by Peter Twitchell
Life as we all know is stressful even at home. We could be without a job but helping family anyway, we can be doing things for family who come first in our life. We may have retired, we may have worked and earned a good living during our career as servants of our state or community.
When we were younger many of us worked more than two jobs to make ends meet and to take care of family. When we retire from our jobs, usually in our mid-60s, we try to do something helpful and positive – perhaps making a hot steam and inviting our elder friends. Revisiting and remembering good things we’ve done in our lives and we feel good about our accomplishments.
Our accomplishments could include our families, our life partners, children and grandchildren, and our subsistence way of life: fishing, camping, berry picking, hunting, spring camps, gathering food for our families to enjoy.
As we get into our elderly years we depend more and more on our younger generation friends and family to provide many of our subsistence foods. I know when I was younger I gave away my first catches of fish, geese and cranes, moose meat, seal meat and seal blubber, which are considered a delicacy, as whale blubber is in the Arctic Region.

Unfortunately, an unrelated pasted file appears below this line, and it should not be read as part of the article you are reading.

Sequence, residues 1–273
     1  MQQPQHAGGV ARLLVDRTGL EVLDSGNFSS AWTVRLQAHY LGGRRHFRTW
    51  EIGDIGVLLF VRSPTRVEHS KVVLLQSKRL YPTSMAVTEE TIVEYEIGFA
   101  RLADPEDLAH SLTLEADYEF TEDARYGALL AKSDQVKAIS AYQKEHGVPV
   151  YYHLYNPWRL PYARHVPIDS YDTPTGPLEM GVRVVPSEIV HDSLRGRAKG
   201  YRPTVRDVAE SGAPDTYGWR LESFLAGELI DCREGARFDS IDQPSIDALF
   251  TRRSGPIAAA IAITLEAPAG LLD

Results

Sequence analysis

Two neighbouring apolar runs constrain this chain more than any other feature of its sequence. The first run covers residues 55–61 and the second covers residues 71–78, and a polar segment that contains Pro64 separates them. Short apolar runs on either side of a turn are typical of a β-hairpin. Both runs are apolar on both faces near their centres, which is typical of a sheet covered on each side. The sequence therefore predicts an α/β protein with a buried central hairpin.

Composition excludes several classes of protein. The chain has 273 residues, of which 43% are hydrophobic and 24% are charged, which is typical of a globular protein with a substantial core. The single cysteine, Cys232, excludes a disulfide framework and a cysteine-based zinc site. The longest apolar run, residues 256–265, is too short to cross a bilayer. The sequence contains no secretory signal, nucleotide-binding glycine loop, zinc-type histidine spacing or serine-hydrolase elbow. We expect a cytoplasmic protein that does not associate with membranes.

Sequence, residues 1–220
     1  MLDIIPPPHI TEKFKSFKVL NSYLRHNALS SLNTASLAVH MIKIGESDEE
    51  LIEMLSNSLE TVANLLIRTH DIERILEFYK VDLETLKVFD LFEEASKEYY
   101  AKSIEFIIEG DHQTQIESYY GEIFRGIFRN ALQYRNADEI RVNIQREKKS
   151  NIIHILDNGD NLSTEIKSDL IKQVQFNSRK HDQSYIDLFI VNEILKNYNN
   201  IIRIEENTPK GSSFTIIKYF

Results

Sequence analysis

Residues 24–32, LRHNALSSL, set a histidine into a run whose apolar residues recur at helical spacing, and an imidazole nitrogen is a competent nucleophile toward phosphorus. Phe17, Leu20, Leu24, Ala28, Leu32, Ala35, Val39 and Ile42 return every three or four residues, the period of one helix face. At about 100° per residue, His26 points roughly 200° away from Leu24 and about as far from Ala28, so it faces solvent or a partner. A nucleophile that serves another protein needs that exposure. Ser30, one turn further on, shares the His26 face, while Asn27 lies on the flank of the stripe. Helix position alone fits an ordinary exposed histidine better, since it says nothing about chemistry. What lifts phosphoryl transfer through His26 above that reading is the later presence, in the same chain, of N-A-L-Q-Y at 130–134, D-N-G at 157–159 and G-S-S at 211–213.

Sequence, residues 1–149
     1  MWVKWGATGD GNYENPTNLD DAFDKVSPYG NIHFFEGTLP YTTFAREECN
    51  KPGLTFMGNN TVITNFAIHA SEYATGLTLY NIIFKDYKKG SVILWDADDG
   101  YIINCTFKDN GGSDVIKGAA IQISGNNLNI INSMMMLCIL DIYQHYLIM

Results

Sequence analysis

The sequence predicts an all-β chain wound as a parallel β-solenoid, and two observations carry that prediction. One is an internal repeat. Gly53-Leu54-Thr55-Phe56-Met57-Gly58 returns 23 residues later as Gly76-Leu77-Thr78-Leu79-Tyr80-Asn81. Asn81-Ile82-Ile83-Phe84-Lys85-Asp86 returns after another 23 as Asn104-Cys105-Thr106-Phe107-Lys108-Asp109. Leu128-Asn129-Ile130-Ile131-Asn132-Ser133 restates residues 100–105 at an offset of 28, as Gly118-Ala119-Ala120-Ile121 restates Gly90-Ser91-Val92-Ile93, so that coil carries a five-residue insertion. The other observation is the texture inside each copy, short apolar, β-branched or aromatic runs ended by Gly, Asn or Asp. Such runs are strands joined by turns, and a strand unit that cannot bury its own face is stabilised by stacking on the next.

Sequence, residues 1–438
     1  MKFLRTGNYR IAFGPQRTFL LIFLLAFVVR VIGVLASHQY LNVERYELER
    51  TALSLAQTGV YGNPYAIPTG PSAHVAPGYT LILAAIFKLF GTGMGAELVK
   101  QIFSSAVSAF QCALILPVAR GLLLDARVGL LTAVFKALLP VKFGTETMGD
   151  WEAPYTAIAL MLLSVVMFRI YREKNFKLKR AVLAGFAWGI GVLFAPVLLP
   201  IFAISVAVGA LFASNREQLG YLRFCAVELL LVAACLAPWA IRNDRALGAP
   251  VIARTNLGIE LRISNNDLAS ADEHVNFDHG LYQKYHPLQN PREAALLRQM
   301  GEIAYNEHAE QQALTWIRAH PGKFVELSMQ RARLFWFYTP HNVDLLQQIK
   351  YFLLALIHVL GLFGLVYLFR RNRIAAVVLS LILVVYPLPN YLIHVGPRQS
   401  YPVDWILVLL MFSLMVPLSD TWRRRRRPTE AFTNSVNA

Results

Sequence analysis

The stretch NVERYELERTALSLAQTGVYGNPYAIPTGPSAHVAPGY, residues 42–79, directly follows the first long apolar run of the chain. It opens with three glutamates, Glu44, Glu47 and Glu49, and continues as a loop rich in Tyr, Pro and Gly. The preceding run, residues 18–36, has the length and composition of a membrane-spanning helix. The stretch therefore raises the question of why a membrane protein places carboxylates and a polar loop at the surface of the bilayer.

As a result of our efforts to share our food from the tundra and rivers, we have a feeling of great satisfaction and accomplishment in providing for Elders who are no longer able to hunt.
We took action in the direction we were going in life to help our people and families. This is something concrete: being thankful and grateful to be alive. This is a great benchmark, a positive path on our journey we chose to take.
We can be of servitude to others if we ourselves are healthy: mentally, physically, and in how we feel about ourselves and others well-being even through the most difficult personal struggles in our life. We manage to accomplish something positive and good.
You will feel good if you list all the good things that you have accomplished in your lifetime. If you write these accomplishments and benchmarks down you will remember and feel good about what you’ve done with your time here.
It’s OK to voice and tell your children and grandchildren and your friends and family something that they can treasure and learn from. It’s OK to change the course on your journey in life if you feel you’re heading down the wrong direction. It’s never too late to change.